Boerboel export feud laid to rest

Boerboel export feud laid to rest – Recently a dispute has highlighted serious issues raised by international demand of the South African Boerboel.(Previous article:

Boerboel export feud laid to rest

An angry American buyer and an outraged South African breeder this week apparently laid to rest a very public dispute over boerboels and so kept it out of the courts of both countries.  This is according to an article by Mail & Guardian.

Even though the dispute was resolved the long-term future of the lucrative trade in boerboels remains at stake.

It all started late last year when Mpumalanga breeder Pierro Erwee sent six dogs to Colorado without the medical and ownership paperwork. The dogs arrived severely traumatised and apparently had been mistreated, according to United States breeder Paul Riebe.

Riebe took his complaint online to forums where boerboels are advertised for sale. He also lodged an official complaint with the South African department of agriculture, forestry and fisheries, which is responsible for the regulation of trade.

Riebe had demanded a full refund of the $13 000 (about R200 000) he said he had paid for the dogs.

Erwee initially reacted furiously to the allegations and laid the blame for the condition of the dogs at Riebe’s door. “I sent perfect dogs that are well taken care of,” Erwee wrote in a Facebook post. “Did I make a mistake by selling dogs to Paul Riebe? Yes, I did. He does not deserve one of my dogs. Because he doesn’t have respect for people or himself.”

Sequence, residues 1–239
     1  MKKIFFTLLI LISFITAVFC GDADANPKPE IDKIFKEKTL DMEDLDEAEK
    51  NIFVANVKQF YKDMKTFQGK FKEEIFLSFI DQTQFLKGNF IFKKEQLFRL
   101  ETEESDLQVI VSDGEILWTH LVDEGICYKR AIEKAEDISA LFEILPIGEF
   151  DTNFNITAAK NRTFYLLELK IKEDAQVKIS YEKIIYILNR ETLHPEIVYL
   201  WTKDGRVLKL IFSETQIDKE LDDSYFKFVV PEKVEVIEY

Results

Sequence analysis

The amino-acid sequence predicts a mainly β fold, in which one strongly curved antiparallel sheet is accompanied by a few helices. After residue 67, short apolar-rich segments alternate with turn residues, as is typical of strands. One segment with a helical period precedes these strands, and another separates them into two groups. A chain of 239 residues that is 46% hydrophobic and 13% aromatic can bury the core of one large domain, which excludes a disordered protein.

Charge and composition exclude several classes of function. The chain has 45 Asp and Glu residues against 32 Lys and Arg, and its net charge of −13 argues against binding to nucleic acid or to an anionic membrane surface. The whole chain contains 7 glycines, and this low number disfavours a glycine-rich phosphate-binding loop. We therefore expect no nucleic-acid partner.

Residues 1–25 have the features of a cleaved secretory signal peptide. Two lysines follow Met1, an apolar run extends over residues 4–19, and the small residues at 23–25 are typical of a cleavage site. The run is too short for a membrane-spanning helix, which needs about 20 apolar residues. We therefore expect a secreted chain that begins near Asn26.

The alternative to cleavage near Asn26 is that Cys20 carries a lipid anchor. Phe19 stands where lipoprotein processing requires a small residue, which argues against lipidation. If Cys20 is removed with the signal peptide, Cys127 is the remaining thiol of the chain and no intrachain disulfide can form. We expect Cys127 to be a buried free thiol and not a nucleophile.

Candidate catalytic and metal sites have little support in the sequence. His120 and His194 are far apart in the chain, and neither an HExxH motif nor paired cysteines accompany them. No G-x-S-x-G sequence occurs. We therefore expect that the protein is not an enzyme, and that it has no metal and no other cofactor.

A week after the Mail & Guardian first contacted him, Erwee made a sudden about-turn, saying he had resolved the dispute with Riebe.

“Paul Riebe said he’s happy with the dogs. They are 100%. It was just stress from the flight that affected the dogs’ condition.”

Riebe confirmed this: “Forgive and forget … we moved forward with this business together. Pierro is doing good things. It’s a ton of money and I lost a bunch giving some of the dogs away. That’s R101 775.”

But Mamabolo did reject Erwee’s suggestion that he had been cleared of any wrongdoing. “I do not know about that. Where did he win the case?”

At issue is more than a single business dispute. International demand for boerboels has shot up since 2011, and a new generation of breeders has entered the market in response to it.

A South African breeder with nearly two decades of experience, who did not want to be named, said the newcomers had been attracted by prices that have reached about R130 000 for a single animal.

That, in turn, has attracted “unethical breeders” willing to exploit loopholes – of which there is no shortage.

“I didn’t send through the paperwork because I still had two dogs with me,” Erwee said of his original dispute with Riebe. “Once he settled the outstanding amount, I sent the papers to him.”

The trade is regulated in conjunction with the South African Boerboel Breeders’ Society (SABBS). The breeders’ society confirmed the dogs had been shipped without the necessary paperwork.

This was not an uncommon practice, according to Koos van der Westhuizen, a board member of the breeders’ society, because delays in formalising paperwork led to increased shipping costs.

The experienced boerboel breeder said that in 2011 the society had decided against a proposal to establish a mechanism to confirm purebred status with DNA testing, and to require that dogs be microchipped to ensure accountability and to keep track of their trade.

Original Article Mail & Guardian

Boerboel export feud laid to rest


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